Summary: New fathers with a history of antidepressant use are over 30 times more likely to require such treatment again in the first year after their child’s birth.
The study, which analyzed over 500,000 primary care electronic health records, found no difference in antidepressant treatment between new fathers and men who hadn’t recently had a child, except when a history of treatment was considered.
The researchers suggest that these fathers might benefit from a mental health check-up in the first year post-childbirth.
- The study analyzed the health records of 90,736 men who had a child in the past year and 453,632 men who had not, focusing on the incidence of antidepressant prescription.
- Having a history of antidepressant treatment made fathers over 30 times more likely to need treatment again after they had a child.
- Fathers residing in the most deprived areas were found to have an 18% higher risk of receiving an antidepressant prescription compared to fathers in the least deprived areas.
New fathers are over 30 times more likely to take antidepressants in the first year after having a child, if they have a recent history of the treatment, finds a new study by UCL researchers.
The research, published in JAMA Network Open, analysed information from over 500,000 primary care electronic health records from the IQVIA Medical Research Database, from January 2007 to December 2016.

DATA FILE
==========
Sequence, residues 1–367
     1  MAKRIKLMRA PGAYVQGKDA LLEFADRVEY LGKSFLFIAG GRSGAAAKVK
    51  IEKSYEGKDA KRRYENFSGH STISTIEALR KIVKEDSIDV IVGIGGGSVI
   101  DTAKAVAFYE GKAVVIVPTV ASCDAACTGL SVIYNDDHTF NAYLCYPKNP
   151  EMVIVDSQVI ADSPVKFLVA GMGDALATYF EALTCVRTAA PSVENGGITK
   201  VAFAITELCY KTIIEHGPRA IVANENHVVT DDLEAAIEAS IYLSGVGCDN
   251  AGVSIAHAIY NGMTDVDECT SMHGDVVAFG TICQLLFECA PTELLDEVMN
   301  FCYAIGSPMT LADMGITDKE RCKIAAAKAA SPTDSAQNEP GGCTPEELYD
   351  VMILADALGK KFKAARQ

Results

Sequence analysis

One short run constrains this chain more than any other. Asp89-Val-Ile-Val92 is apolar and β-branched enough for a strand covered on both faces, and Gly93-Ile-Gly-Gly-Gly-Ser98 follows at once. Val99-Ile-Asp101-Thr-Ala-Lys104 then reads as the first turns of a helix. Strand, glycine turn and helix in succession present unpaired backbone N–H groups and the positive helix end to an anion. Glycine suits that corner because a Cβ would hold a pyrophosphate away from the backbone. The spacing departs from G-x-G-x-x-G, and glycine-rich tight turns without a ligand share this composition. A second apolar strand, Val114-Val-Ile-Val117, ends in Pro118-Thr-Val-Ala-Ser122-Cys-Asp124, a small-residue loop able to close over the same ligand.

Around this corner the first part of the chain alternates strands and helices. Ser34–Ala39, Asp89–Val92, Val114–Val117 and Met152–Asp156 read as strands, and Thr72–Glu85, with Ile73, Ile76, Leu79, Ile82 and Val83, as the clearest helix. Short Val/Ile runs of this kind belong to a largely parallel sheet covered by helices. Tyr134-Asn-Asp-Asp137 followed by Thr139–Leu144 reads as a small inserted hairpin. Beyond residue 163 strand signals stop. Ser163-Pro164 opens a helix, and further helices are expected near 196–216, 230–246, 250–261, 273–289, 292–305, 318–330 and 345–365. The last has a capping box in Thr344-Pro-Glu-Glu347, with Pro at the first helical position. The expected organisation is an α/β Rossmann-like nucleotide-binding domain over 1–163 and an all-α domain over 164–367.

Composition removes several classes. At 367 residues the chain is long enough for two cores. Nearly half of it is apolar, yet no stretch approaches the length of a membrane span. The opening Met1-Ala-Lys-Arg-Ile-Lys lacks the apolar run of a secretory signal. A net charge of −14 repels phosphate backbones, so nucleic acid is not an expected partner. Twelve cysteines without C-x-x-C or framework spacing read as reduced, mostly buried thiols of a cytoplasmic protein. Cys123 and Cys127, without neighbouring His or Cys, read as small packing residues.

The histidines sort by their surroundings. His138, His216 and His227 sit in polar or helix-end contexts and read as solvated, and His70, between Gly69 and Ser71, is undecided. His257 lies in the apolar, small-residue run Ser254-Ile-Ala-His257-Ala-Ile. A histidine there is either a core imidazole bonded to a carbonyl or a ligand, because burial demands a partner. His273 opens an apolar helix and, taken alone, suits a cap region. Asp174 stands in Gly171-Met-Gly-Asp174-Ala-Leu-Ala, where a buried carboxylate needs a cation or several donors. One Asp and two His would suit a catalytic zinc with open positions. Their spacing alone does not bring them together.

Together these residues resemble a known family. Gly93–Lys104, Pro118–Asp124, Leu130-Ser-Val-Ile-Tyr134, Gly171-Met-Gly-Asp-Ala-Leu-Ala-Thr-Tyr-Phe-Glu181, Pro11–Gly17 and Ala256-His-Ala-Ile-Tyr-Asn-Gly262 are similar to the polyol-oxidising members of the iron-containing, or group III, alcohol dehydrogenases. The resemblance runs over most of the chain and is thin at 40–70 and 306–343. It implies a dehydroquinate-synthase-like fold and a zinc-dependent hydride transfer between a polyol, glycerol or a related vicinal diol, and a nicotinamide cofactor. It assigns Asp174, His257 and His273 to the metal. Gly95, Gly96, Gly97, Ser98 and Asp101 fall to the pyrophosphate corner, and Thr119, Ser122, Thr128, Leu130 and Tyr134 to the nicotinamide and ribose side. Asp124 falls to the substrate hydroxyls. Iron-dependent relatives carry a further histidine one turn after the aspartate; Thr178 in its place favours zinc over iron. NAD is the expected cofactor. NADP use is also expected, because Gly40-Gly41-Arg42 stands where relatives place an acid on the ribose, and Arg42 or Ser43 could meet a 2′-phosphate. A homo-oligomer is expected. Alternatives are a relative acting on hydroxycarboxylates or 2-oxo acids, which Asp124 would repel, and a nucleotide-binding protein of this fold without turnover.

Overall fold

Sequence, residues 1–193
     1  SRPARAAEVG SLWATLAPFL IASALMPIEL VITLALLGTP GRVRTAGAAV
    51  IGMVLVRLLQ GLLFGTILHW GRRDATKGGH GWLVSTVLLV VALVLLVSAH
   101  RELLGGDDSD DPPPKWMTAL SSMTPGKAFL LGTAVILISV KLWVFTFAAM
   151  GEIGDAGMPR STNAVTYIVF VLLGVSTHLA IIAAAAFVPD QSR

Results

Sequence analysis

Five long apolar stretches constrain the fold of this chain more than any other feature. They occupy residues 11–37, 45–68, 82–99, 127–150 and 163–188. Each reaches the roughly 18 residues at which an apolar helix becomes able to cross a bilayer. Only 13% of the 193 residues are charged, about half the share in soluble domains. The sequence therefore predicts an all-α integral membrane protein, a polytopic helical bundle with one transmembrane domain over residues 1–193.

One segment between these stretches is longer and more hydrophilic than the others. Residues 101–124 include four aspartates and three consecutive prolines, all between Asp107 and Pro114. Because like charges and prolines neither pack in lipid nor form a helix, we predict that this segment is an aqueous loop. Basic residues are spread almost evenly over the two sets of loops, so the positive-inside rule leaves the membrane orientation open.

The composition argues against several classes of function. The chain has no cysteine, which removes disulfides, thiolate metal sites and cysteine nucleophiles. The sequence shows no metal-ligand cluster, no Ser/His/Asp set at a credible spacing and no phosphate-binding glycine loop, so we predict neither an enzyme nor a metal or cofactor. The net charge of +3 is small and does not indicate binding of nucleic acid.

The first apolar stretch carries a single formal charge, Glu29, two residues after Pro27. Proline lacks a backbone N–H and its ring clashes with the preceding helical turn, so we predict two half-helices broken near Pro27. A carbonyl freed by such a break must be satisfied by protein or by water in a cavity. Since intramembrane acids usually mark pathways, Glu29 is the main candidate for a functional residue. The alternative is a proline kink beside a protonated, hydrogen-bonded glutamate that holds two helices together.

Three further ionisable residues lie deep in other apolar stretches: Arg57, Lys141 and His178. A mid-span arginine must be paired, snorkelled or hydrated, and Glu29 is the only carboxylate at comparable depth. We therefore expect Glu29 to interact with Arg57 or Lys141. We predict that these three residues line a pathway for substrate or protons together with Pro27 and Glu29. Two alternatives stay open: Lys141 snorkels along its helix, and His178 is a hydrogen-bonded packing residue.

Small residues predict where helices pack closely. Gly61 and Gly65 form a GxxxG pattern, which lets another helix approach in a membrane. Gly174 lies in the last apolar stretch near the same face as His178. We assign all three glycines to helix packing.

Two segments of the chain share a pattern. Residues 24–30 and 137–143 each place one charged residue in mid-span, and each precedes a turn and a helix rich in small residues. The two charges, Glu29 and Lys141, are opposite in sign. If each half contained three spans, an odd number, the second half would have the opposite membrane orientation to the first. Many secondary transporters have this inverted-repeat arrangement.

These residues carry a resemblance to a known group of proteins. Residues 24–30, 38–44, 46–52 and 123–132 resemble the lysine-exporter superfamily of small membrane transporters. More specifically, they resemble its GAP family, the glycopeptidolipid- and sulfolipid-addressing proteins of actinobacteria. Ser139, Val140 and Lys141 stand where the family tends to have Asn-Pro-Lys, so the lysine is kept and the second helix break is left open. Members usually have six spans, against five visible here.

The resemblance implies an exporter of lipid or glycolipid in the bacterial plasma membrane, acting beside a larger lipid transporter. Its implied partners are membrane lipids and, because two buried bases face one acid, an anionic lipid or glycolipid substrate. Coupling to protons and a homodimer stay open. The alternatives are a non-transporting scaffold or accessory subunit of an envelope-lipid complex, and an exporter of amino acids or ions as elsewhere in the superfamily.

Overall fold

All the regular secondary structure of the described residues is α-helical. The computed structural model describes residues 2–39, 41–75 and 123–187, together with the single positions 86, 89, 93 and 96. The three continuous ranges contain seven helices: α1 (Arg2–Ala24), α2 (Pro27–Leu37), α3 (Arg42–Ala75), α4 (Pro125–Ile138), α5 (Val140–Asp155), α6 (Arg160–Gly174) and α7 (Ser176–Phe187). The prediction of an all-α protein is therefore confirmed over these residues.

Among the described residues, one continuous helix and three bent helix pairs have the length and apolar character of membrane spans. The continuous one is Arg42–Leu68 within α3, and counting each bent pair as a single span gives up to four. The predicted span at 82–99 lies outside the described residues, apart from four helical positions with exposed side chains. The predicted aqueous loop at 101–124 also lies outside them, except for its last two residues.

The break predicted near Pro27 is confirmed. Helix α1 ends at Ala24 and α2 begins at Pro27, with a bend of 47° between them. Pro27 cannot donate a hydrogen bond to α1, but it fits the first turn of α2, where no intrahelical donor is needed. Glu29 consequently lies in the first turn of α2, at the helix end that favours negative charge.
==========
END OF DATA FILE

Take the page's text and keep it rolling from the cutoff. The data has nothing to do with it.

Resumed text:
These included 90,736 men who had had a child in the previous year and 453,632 men who did not have a child. The team then examined how many men in each category had received an antidepressant prescription.
The researchers found no difference in antidepressant treatment between the two groups.
However, the results showed that having a history of antidepressant treatment made fathers over 30 times more likely to need treatment again after they had a child. Consequently, the researchers suggest that it could be beneficial for these men to have a mental health check-up with their GP in the first year after having a child.
Lead author, PhD candidate, Holly Smith (UCL Institute of Epidemiology & Health), said “Our findings show that the relationship between depression and fatherhood is complex and that previous antidepressant treatment is a key determinant associated with antidepressant use in the year after having a child.
“This may be because the men are continuing treatment they were on before having a child, or these men may be more susceptible to having feelings of depression again and the challenges of having a new child may exacerbate this.
“After the birth of a child, attention is normally focused on the health of the mother and baby. However, we need to ensure that new dads get the care they need too by improving research on new fathers and how to engage with them about their mental health.”
Previous evidence suggests that men may be at higher risk of depression directly following the birth of their child. And it is thought that as many as 1 in 10 may have depression in the year after their child’s birth*.
Antidepressants are one of the most common treatments for depression, yet there is little information on how many fathers are prescribed treatment in the year after having a child, and how this compares to men who haven’t recently had a child.
Alongside previous antidepressant use, the researchers found that social deprivation was also a key factor as to whether new fathers were prescribed antidepressants.
Fathers who lived in the most deprived areas had an 18% higher risk of receiving an antidepressant prescription compared with fathers living in the least deprived areas.
The study is funded by the National Institute for Health and Care Research (NIHR).